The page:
Since the discovery of emerald ash borer (September 23, 2013) in Boulder Colorado, there has been a constant stream of news releases designed at educating the public about this destructive pest. There is no argument emerald ash borer (EAB) is the most destructive pest of shade trees in North America. EAB is currently in the City of Boulder and will spread throughout the Platte River Valley in the next few years, and likely eventually to most of eastern Colorado. The good news is there are well researched treatments which are very effective at controlling EAB.
The not so good news, or for some, the bad news is many green ash trees along the Front Range look poor this year. They have dead branches, branches with thin and sparse foliage, and sprout/sucker growth coming off the trunk. Some trees failed to leaf out altogether. Many green ash trees growing in Eastern Colorado are showing symptoms of emerald ash borer, but they are not infested with EAB, something else is the cause.
No one has a definitive answer as to what is causing the decline in the health of ash trees; however this is the most plausible theory. Likely, the weather events from 2012 had a lingering effect. Twenty-twelve was the hottest year on record, as well as one of the driest. This sent many ash trees into a state of drought stress. The drought stressed ash trees did not have sufficient sugars in their cells as they entered the winter season to lie dormant. As a result, the trees were severely damaged by single digit April 2013 freezes, which froze newly emerging ash foliage. Not only was the foliage frozen, but also the leaf bud, twigs, as well as some branches. Some ash trees only began to leaf out in late June. For these trees, their growing season was cut short by nearly two months. Weakened by the 2012 heat and a shortened growing season in 13’, the trees were exhausted as they entered the winter of 2013. Weakened, trees again suffered an April freeze in 2014 freezing their foliage. Some ash didn’t have enough resources to produce new leaf buds and foliage. In a last ditch effort, the trees produced trunk sprouts- this is the fastest mechanism for the tree to produce foliage.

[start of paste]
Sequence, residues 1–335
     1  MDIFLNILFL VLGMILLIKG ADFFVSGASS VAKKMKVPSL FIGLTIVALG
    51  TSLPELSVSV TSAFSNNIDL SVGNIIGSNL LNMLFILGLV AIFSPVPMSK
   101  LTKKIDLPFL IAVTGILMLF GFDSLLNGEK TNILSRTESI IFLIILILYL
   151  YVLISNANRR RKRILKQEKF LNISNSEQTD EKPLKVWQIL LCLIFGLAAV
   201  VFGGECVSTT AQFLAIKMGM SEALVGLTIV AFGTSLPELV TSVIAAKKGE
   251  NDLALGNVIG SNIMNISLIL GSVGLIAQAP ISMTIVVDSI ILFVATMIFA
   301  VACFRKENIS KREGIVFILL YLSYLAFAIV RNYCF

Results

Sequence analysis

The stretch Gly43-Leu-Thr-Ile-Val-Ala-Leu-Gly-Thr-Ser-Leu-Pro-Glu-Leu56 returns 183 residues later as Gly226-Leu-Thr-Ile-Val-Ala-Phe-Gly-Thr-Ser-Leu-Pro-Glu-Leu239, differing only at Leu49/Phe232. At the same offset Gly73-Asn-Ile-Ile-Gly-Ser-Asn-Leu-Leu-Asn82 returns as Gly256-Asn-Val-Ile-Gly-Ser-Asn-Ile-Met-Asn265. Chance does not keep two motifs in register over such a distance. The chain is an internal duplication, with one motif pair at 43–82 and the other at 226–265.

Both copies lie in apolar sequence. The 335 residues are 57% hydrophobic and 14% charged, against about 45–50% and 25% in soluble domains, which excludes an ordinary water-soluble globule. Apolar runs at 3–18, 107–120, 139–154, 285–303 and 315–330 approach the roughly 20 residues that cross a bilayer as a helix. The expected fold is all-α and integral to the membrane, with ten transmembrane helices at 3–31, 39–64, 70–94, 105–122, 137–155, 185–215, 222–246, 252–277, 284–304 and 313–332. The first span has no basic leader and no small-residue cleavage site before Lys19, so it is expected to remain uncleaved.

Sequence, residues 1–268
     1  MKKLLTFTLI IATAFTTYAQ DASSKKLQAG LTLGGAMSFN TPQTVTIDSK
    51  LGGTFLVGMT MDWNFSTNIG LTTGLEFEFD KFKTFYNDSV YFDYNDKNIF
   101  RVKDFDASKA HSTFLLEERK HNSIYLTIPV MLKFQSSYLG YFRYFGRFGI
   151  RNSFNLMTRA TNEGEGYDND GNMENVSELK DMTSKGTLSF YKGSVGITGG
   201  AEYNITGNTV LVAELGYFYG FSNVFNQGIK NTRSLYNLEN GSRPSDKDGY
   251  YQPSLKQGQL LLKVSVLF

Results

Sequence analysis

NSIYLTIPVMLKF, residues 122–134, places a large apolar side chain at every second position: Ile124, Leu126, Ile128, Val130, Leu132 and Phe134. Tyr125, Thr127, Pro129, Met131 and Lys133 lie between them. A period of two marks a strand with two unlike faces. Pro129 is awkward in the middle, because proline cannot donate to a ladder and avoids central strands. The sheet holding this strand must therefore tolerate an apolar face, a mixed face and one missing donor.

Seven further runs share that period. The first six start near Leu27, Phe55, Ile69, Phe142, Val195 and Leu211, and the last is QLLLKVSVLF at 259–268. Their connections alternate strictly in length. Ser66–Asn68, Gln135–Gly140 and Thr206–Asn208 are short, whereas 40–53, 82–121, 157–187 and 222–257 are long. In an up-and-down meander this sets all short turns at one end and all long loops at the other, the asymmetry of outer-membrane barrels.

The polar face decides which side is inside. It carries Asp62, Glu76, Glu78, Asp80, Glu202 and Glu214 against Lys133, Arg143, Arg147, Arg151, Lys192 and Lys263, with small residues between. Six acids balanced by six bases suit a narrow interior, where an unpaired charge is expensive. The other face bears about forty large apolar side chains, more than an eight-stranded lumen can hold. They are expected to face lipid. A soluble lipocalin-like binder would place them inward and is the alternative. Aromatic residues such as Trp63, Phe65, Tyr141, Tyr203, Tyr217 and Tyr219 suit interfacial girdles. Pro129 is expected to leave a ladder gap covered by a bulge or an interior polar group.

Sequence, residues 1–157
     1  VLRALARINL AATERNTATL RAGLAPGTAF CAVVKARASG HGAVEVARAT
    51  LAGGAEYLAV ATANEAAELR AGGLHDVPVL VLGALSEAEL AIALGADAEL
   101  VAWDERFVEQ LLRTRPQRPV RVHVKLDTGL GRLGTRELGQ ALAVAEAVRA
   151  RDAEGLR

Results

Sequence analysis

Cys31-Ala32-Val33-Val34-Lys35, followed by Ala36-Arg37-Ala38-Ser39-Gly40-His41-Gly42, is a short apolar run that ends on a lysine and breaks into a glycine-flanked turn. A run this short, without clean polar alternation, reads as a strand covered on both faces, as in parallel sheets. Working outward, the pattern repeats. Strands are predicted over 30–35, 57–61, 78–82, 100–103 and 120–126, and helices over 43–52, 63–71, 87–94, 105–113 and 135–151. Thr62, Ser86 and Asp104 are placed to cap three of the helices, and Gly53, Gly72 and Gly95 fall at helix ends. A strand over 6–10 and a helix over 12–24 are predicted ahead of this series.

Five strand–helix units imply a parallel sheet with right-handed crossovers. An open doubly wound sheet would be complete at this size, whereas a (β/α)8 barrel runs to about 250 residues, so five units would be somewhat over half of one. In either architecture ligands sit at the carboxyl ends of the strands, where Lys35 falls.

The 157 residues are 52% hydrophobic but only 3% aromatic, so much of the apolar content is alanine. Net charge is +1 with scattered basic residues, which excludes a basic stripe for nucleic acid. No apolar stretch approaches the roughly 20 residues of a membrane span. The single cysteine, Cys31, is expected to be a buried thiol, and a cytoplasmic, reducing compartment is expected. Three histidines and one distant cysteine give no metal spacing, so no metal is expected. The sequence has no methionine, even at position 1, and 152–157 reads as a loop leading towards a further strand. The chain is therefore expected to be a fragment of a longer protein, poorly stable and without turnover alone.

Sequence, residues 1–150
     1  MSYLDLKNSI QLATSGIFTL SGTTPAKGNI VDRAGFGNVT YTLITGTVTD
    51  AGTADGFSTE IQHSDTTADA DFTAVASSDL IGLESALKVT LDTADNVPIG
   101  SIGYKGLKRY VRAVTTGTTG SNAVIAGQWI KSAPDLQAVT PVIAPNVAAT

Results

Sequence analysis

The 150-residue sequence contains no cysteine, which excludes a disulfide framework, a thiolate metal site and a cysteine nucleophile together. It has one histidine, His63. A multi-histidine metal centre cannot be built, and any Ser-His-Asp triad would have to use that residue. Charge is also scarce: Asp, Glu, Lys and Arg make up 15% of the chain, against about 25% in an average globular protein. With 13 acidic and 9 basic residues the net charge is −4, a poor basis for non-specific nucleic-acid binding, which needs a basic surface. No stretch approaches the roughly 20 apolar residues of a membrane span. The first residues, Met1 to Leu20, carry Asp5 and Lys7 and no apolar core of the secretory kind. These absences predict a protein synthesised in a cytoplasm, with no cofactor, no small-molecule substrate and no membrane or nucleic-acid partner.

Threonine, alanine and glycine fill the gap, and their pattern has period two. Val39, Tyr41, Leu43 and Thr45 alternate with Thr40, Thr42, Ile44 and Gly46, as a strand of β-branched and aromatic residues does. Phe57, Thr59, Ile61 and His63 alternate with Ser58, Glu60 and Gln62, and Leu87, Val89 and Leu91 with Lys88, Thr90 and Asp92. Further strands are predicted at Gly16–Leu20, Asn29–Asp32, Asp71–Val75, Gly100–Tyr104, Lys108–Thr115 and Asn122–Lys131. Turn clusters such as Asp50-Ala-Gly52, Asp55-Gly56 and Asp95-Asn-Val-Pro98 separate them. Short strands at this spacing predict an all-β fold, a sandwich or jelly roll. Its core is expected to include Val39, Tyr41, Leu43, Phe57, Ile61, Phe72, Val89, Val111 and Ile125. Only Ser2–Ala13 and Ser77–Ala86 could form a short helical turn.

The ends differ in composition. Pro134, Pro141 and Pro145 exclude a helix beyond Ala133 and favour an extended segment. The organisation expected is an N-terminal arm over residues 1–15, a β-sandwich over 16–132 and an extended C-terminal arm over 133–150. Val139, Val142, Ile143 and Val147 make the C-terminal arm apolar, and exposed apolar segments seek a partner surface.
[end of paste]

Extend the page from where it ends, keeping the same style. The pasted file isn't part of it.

For now, autumn purple ash trees are not showing these symptoms, but for the green ash- why should we be concerned?
For starters, emerald ash borer is difficult to detect. Trees exhibiting symptoms of EAB, but without the borer infestations, will make additional EAB detections all the more difficult to find as the borer is stealth. A Denver tree service can help you identify if your tree is effected by EAB or not.
Weakened trees will attract EAB along with other pests and do not respond well to treatments designed to control EAB.
What should you do?
If your ash trees look healthy, this is good news! Remember to winter water your trees and seriously consider fertilization. Vigorously growing trees are much better candidates for treatments to prevent EAB. If your ash trees have dead branches or sparse canopies, have them inspected this fall by a tree service expert.